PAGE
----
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The Standing Committee on Finance began the process this morning of considering the provision on searches without warrants in the Financial Intelligence Amendment Bill that the President’s lawyers found to be unconstitutional.
The Committee received legal opinion from Parliament’s Legal Services Unit on the process to attend to the President’s concerns.
It was explained that the Joint Rules of Parliament require that the Committee confine itself to the President’s reservations. The Committee cannot initiate a process to reconsider any other provisions of the Bill. Although the Committee may receive written representations, it has complied with its constitutional obligation to facilitate public involvement in the process of considering the Bill. Hence it cannot redo this process. Once the Committee has concluded its deliberations, it must report to the National Assembly. The procedure in the Assembly is also restricted to the President’s reservations.
The National Treasury and the Financial Intelligence Centre explained that the provision does not allow warrantless inspections in general. Both grounds for the exception have been recognised in principle by the Constitutional Court as valid basis for exceptions to warrant requirements. An inspection may only be conducted in relation to the business affairs of an accountable institution and only to determine compliance with the FIC Act. Inspections are therefore limited in scope.
The Committee agreed that it has to focus only on the single provision on searches without warrants which the President found unconstitutional, and on this provision alone it will consider submissions from stakeholders.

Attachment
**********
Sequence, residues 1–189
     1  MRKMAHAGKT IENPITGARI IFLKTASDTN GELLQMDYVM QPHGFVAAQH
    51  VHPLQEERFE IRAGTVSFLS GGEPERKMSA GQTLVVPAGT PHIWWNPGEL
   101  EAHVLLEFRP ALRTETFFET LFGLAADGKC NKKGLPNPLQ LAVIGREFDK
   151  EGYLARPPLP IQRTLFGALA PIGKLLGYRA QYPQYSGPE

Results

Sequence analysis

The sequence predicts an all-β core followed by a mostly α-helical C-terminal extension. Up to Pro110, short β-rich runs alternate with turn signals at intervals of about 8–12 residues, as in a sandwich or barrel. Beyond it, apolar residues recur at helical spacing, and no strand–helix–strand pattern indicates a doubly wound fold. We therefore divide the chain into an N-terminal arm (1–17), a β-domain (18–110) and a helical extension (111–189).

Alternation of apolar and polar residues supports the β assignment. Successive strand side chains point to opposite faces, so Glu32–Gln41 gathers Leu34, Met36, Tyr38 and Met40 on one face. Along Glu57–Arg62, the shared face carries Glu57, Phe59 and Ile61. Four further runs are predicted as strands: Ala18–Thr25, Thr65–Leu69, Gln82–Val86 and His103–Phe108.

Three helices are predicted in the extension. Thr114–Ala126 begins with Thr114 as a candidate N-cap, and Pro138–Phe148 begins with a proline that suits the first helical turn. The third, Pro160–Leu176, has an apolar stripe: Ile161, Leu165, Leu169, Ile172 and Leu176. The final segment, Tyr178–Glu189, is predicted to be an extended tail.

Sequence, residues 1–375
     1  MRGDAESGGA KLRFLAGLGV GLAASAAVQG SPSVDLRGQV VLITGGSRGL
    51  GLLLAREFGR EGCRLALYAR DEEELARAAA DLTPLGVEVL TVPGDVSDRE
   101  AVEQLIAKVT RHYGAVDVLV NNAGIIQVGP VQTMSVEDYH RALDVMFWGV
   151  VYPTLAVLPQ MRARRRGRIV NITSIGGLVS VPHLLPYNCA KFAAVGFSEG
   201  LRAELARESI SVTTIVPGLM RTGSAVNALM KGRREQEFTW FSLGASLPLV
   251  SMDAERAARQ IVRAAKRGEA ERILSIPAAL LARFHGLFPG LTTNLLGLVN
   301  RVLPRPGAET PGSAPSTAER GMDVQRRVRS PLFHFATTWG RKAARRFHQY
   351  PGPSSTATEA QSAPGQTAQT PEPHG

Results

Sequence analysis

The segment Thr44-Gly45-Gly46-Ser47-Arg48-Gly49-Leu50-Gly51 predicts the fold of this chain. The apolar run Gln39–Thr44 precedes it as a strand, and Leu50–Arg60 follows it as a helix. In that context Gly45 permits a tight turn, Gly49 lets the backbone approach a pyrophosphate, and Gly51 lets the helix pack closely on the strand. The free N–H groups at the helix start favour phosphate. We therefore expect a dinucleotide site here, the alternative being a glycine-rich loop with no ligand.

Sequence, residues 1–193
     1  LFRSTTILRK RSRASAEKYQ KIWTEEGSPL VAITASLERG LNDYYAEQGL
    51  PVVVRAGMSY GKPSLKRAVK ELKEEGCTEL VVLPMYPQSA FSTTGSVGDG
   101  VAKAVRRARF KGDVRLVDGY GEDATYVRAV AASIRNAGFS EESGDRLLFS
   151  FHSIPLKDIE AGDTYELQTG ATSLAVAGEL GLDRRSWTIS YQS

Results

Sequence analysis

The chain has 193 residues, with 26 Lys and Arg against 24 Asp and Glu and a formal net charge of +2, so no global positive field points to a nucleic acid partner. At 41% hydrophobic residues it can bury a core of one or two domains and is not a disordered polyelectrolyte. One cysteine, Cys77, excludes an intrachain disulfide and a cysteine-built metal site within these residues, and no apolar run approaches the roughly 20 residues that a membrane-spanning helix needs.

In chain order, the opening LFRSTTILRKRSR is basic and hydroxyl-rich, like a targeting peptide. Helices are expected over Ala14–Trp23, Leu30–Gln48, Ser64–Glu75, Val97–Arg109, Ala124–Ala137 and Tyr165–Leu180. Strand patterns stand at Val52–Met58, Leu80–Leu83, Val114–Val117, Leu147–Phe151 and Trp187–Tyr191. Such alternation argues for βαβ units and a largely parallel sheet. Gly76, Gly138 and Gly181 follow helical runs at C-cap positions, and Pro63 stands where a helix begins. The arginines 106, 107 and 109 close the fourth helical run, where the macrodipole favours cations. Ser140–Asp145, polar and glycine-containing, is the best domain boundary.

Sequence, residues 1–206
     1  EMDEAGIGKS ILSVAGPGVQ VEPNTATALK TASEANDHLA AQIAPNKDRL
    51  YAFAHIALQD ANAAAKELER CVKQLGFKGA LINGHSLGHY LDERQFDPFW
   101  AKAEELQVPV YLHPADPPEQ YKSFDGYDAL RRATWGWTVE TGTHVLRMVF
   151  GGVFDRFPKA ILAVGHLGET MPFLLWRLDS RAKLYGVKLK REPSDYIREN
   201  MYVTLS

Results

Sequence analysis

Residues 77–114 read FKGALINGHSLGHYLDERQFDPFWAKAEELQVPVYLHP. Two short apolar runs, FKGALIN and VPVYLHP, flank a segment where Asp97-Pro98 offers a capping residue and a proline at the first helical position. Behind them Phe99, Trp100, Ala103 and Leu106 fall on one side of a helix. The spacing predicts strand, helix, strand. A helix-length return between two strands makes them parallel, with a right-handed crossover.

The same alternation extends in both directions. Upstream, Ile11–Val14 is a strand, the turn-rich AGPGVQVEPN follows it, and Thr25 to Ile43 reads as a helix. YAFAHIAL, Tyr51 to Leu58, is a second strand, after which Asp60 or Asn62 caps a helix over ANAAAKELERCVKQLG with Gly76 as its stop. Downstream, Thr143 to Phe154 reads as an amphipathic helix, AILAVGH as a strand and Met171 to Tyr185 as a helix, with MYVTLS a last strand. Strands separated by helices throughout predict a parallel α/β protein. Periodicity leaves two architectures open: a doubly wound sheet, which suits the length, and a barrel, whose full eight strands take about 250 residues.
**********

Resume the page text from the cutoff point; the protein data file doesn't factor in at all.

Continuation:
The Committee also agreed that it will seek independent advice from Senior Counsel.
Committee Chairperson, Yunus Carrim, said: “We had extensive public hearings in our long processing of the Bill earlier this year. We are now confined to deciding whether the provision for searches without warrants in this Bill is unconstitutional. This provision was not introduced by the Committee, but by Cabinet. However, if there is significant agreement among the lawyers consulted by Parliament that it’s unconstitutional, of course we’ll amend it. But if the lawyers are convinced it’s constitutional we can’t amend it. This is not a policy matter, it’s a constitutional matter, and it’ll have to be primarily decided by lawyers. If the lawyers Parliament consults can’t agree, we can maybe delete the provision. But it’s also possible that the Constitutional Court might have to decide on this.”
The Committee will also have public hearings in late January on the constitutionality of warrantless searches, tentatively set for 24 January 2017.
Issued by Parliamentary Communication Services on behalf of the Chairperson of the Standing Committee on Finance, Mr Yunus Carrim